If your bunny is new to litter training, then it is best that they learn through a series of gradual steps.
Special care also needs to be given to juvenile bunnies as they will need to learn how to use a litter tray as they develop. Follow this guide and you will see how litter training can be achieved without too much fuss.
The steps to litter training your bunny
- Start off with a larger area using puppy pads and let your bunny choose a corner to use.
- Put some hay over this toilet area to encourage them to use it and mix in a bit of the litter you are going to use.
- Always leave a bit of mess each time you have a clean out so your bunny can find it again more easily.
- Gradually reduce the size of the area then swap it over to a litter tray.
- It is important to clean up any mass from accidents elsewhere. The smell can cause a habit to form in a new area.
What you need to do first
The first step is to prepare a pen or other enclosure as a litter training area where the litter training can begin. Its going to be messy so cover the entire area with something to protect the floor underneath. Then lay down something that is absorbent and can be cleaned out easily such as newspaper or wood shavings or hay.
Litter training is going to need to be on your bunnies terms and time scale so it's going to need to be big enough for them to binky in as they may be spending some time there.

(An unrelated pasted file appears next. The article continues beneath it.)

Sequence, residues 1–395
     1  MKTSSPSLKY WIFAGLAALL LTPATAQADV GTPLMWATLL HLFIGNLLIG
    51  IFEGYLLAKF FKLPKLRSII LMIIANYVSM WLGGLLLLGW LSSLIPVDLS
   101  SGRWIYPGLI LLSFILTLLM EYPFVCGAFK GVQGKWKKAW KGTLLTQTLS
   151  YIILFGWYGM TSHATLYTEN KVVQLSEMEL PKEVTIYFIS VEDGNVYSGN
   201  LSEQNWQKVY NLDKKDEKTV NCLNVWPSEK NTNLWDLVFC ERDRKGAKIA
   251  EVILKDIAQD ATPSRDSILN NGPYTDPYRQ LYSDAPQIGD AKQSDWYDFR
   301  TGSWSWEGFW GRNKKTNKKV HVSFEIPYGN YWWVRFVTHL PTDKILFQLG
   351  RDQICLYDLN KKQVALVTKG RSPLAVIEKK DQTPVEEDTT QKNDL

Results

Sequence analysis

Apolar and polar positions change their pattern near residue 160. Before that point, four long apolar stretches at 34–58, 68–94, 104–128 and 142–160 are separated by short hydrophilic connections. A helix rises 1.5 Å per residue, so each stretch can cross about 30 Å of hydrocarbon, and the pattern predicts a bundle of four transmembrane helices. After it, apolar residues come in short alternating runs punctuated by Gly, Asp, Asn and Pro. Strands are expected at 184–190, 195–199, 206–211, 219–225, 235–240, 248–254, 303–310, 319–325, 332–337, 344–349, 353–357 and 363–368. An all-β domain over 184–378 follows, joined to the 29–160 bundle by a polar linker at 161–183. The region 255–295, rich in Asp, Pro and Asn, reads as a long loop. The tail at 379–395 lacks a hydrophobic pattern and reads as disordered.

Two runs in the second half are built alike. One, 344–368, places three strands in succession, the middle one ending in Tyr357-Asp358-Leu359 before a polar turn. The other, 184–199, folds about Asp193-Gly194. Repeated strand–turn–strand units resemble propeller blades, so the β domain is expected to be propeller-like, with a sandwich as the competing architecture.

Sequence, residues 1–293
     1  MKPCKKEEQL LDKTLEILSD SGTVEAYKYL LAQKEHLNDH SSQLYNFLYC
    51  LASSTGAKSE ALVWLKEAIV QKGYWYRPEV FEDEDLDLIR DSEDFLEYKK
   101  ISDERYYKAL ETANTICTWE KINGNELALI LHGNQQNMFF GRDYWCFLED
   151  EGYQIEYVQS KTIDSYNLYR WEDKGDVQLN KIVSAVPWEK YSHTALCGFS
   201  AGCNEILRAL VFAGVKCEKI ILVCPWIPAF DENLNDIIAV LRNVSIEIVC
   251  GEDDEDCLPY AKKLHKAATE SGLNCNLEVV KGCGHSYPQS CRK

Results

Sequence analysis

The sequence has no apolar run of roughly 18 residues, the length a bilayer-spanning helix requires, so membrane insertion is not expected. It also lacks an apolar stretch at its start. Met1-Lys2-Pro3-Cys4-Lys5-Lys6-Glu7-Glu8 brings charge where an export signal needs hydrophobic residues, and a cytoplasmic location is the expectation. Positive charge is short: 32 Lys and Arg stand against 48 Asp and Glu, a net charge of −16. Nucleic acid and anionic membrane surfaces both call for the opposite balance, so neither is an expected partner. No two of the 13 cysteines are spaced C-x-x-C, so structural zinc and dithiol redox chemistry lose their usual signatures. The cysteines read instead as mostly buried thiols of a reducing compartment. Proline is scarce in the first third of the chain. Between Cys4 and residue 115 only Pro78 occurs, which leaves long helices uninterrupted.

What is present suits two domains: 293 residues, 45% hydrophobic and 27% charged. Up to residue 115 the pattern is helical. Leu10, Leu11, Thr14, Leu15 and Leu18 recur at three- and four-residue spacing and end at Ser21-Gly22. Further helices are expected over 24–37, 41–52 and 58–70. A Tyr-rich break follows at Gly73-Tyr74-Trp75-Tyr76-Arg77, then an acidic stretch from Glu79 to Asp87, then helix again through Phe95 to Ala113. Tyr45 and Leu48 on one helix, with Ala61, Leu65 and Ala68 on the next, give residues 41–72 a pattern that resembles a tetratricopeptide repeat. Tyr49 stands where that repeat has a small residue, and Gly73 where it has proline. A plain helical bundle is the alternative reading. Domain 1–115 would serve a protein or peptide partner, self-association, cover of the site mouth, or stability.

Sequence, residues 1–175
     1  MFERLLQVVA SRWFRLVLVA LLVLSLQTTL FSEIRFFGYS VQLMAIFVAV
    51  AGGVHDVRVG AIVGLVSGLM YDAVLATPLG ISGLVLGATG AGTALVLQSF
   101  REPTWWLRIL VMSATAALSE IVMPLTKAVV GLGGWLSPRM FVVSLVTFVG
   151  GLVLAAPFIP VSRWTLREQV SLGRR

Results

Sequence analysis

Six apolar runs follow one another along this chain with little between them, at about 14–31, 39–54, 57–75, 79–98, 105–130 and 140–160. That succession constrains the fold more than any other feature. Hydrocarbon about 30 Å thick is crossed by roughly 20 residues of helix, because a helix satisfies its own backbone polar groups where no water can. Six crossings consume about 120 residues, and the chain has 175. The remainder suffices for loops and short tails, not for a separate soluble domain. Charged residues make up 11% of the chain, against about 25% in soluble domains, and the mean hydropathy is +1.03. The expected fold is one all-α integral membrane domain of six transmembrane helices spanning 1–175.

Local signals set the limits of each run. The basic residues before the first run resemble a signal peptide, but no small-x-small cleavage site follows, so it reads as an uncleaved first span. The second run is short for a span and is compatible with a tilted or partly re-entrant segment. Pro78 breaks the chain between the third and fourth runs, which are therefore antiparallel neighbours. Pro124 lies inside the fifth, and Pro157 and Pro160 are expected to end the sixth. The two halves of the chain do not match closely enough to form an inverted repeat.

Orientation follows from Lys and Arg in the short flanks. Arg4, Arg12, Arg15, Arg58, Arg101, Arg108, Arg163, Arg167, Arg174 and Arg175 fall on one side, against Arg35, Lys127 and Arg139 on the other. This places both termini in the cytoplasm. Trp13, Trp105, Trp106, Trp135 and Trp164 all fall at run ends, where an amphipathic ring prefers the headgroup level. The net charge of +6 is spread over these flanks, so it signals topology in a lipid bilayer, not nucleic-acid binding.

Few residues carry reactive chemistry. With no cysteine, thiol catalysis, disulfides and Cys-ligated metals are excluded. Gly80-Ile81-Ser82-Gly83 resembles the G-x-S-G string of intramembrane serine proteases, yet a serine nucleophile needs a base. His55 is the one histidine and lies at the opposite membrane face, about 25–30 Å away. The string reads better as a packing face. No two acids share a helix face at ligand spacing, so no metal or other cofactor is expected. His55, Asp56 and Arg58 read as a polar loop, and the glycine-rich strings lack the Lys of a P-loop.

Next you need to let your bunny establish a place they choose as a toilet spot inside their pen or enclosure. This will typically be in a corner next to a wall where they feel safe.
Once you recognize this place the trick is to encourage them to return to the same spot till you can eventually place a litter tray there.
Placing food over this area such as a hay rack or hanging treat as this will encourage them to stay there longer. It is common to let bunnies eat hay over their litter tray throughout their lives to maintain good habits.
Bunnies go to the toilet regularly so if you do let your bunny out to roam freely away from a litter training area make sure to put them back frequently for small periods at a time so they can re-orientate themselves.
If you let them out for too long it is likely they will try and establish another corner in the room as a toilet.
It's important to keep all other areas very tidy and odor free by cleaning up any mass thoroughly. You will get the odd accident so it's important that any smell left behind are removed as this will encourage them to go to the toilet there again.
If it can be washed, then put it in the wash, if it's a fabric surface you could use an odor control spray.
When you clean their corner out, hold back some of the mess and mix it back in each time so it retains a familiar smell and they can find it easily.
You can then start to put down some of the litter you want to use in this corner as it will help this spot establish itself as different to the rest of their enclosure.
At the end of this stage your bunny should be happy using a single spot and returning there when they need the toilet.